If I had it to say over (or could edit my comments on Mr. Marshall's blog, as I have this one on my own over the course of an hour or so), I'd not say that Mr. Marshall put words in my mouth. Rather, I'd have said this: Mr. Marshall's comeback ignored, and was inconsistent with, what I'd already said (which was that if Reid were not a public figure, Mr. Marshall's hypothesis about actual damage to Harry Reid's reputation might be entirely plausible). I'm not a public figure comparable to the Senate Majority Leader; I'm a private citizen exercising First Amendment rights, without a multi-decade history in public office, and not routinely subjected to any more public calumny than my own conservative blogging inspires. That which has no realistic chance of blackening Harry Reid's reputation, in other words, might indeed blacken mine.
Those commenters who accuse Mr. Marshall of being humorless are clearly wrong; some of his insults, delivered in response to insults from commenters, are quite funny.
My point isn't that Mr. Marshall is being humorless; this isn't about Mr. Marshall. My point is that his arguments, which draw some sort of moral equivalence between Reid's contemptible lies about Romney and conservative bloggers' parody of those lies when they're discussing Reid and pederasty, are not ethically or logically persuasive for the reasons I've discussed both in my original comment on his blog and, in more detail, here on my own.
(3) Gregory Koster made the following comment | Aug 5, 2012 2:05:44 PM | Permalink
Dear Mr. Dyer: First, it is tremendous to have you back. I've missed your posts greatly.
Second: I followed your links to Marshall's blog and tried to post, but was defeated by WordPress. Bah. One of the things I mentioned was this quote, from HAMLET:
Thus conscience does make cowards of us all;
And thus the native hue of resolution
Is sicklied o'er with the pale cast of thought,
And enterprises of great pith and moment
With this regard their currents turn awry,
And lose the name of action.
Mr. Marshall doesn't seem to see that his "chess playing" as he calls it, comes with a price, losing "the name of action." You wonder what he would have thought about the behavior of the passengers on Flight 93.
He's right, though, that the pederasty campaign has a price to it. But he doesn't have any course of action contra Reid. I don't think this is because he's a liberal bigot, but rather he has lost the name of action.
An apt quote, Mr. Koster, thank you for reminding us of it! And thanks for your kind words and encouragement about my own blogging.
I wasn't previously acquainted with Mr. Marshall or his writing, but from his description of Harry Reid as "loathsome," I doubt he's a political liberal; I suspect he and I might agree not just on that, but on a great deal more. And I credit him with good faith in posing his original observation; I can't speak for Prof. Reynolds, obviously, but his linking Mr. Marshall's post perhaps implies agreement with that. Mr. Marshall has gotten pretty snarky in responding to some uncivil comments, but that merely demonstrates that yes, context matters, sequence matters, and some things that would be unjustifiable on their own may be justifiable as a responsive measure.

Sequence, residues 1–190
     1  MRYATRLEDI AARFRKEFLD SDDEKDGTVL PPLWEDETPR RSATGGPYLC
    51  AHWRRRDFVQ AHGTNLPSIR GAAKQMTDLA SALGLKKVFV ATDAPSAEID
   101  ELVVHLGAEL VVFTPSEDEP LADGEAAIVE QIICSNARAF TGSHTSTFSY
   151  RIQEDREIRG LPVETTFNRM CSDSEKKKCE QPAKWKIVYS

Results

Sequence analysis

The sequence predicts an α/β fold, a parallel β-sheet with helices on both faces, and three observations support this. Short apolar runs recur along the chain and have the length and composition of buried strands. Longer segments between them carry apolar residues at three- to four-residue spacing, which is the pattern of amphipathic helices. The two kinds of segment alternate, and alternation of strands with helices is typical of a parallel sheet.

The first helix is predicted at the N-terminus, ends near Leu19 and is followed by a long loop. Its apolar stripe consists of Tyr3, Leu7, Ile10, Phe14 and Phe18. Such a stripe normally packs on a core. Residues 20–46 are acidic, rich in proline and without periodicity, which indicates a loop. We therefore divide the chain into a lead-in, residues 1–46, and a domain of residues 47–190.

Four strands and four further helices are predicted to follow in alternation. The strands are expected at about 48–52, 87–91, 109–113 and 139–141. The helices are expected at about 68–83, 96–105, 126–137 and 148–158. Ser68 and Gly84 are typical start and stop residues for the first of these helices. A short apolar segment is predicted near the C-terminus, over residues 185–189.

We can trace parody, as a distinct and powerful form of political rhetoric, back at least as far as the ancient Greek theater.
It seems to me that Mr. Marshall's ethical argument, if consistently followed, would put an end to parody. His "two wrongs don't make a right" argument would ban every known inaccuracy or exaggeration, even the most obvious ones that are obviously being used to make a political point more effectively through the humor of an apt parody.
Do I need commas in this post's title?
Perhaps "Unicorns, and hypothetical close relatives of Harry Reid, who may have been unsure whether he is or isn't a pederast until they consulted the interwebs"?
Because inquiring unicorns want to know.
Before he ate, shot, or left, a panda told me that the clarity of my title would be enhanced by a single comma, thus: "Unicorns, and hypothetical close relatives of Harry Reid who may have been unsure whether he is or isn't a pederast until they consulted the interwebs." A very careful, very anal lawyer might write it thusly:
(a) Unicorns; and
(b) hypothetical close relatives of Harry Reid who may have been unsure whether he —(i) is; or
(ii) isn't —
a pederast until they consulted the interwebs.
The panda also said I should look into Reid's dealings with Chinese "green energy" companies.
As for my title, it is ambiguous as written, but since I have given it further thought, it now can be described as a "studied ambiguity." I'll leave it alone.
Mr. Marshall has again responded, this time even more dismissively, but with only the same attempted comeback as before — basically, "would you like a pederasty campaign waged against you?" — to which I again objected that I wouldn't, but that I'm not a public figure; private figures are vastly more vulnerable to such a campaign, as I've repeatedly acknowledged.